The DIY Ethic (Do It Yourself ethic) refers to the ethic of being self-reliant as opposed to relying on professionals. It once referred to hardware stores in Britain that supplied the home handyperson or amateur repair people with tools. Today the term can indicate "doing" anything from healthcare to interior design, from publication to electronics.

DIY questions the uniqueness of the expert's expertise, and promotes the ability of the ordinary person to learn to do more than he or she thought was possible. Contents

Punk cultureEdit

The DIY ethic is loosely tied to Punk ideology and anticonsumerism, in as much as it amounts to a rejection of the idea that one must always purchase the things that one wants or needs from others.

The DIY punk ethic can also extend to how any group or individual applies DIY political stances to daily life—especially how they avoid contributing to institutions they see as exploitive. These efforts include converting cars to run on biodiesel or vegetable oil, learning bicycle repair, sewing/repairing/modifying clothing, starting gardens, dumpster diving, etc. To a certain extent, DIY is simply a way of finding ad hoc solutions to problems that are otherwise usually solved with wealth or corporate support.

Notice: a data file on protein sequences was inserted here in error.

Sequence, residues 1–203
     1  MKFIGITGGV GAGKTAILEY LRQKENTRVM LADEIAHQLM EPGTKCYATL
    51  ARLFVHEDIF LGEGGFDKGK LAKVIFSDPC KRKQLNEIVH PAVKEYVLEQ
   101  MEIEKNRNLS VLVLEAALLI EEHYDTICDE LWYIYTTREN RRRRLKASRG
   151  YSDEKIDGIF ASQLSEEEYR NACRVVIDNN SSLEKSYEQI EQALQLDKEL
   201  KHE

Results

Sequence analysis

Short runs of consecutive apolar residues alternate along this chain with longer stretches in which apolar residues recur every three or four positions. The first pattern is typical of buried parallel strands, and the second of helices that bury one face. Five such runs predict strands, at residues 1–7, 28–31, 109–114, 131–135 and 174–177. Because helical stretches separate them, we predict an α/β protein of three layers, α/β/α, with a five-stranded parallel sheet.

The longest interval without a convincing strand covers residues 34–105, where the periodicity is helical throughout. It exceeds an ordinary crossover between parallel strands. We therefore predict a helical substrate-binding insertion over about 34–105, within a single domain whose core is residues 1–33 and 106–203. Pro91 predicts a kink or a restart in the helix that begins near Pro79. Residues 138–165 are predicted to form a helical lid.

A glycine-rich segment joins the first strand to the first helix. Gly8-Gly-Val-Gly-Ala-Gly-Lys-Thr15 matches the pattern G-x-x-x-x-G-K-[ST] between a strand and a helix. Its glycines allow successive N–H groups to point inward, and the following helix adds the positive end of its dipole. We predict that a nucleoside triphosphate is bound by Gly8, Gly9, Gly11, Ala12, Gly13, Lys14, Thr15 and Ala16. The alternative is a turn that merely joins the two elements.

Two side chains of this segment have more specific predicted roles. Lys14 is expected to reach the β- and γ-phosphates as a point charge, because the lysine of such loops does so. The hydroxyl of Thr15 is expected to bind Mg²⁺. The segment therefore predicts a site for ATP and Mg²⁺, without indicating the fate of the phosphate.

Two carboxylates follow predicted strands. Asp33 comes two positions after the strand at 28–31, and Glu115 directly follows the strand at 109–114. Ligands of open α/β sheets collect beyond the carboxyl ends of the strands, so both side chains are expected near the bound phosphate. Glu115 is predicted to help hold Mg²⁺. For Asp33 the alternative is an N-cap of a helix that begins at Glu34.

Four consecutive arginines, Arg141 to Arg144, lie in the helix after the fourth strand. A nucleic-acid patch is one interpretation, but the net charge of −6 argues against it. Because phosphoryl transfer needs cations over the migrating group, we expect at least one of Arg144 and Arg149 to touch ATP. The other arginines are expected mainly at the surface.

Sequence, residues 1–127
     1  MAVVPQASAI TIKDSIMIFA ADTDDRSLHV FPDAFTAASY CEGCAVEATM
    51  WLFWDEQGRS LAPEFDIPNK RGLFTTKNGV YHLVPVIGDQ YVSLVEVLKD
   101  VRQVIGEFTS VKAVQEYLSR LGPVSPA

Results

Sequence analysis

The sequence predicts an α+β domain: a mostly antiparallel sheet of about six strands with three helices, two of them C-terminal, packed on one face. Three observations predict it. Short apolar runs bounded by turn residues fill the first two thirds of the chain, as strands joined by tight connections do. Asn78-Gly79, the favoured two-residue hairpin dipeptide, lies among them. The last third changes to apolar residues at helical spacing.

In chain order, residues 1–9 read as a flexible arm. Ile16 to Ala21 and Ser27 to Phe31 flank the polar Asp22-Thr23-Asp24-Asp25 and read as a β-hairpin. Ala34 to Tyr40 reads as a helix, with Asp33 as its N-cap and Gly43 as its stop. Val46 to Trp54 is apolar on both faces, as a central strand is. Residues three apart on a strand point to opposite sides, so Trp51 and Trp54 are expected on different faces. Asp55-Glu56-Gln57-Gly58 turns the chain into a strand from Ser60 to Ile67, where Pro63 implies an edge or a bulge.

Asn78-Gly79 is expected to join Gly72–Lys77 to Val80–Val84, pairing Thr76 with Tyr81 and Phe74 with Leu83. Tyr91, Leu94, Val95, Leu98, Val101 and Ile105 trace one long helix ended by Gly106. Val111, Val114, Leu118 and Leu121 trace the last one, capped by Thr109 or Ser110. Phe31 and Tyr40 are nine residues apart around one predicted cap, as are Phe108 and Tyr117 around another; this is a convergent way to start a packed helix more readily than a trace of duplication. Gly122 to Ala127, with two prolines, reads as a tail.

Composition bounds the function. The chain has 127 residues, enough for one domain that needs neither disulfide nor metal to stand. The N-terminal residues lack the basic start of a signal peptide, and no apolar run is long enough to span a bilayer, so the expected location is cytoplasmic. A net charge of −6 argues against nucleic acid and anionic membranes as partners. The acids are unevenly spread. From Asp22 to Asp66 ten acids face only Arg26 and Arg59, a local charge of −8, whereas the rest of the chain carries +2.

On the InternetEdit

Technological advances in the last ten years have made it more possible for artists to circumvent professional studios and create high-quality works themselves. Advances in media software and the proliferation of high-speed Internet have given artists of all ages and abilities from across the globe the opportunity to make their own films, records, or other content and distribute it over the web. Such works were usually displayed on a private homepage, and gained popularity through word-of-mouth recommendations or being attached to chain letters (known as viral distribution). Sites like newgrounds and deviantART allow users to post their art and receive community critique. Next generation sites like Slip A Buck fuse together community art sites like deviantART, PunkRockDomestics [1] and the DIY punk ethic to provide a venue for do-it-yourselfers to exhibit their works and be compensated in the form of tips.


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External resourcesEdit

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Smallwikipedialogo.png This page uses content from Wikipedia. The original article was at DIY ethic. The list of authors can be seen in the page history. As with DIY Culture, the text of Wikipedia is available under the GNU Free Documentation License.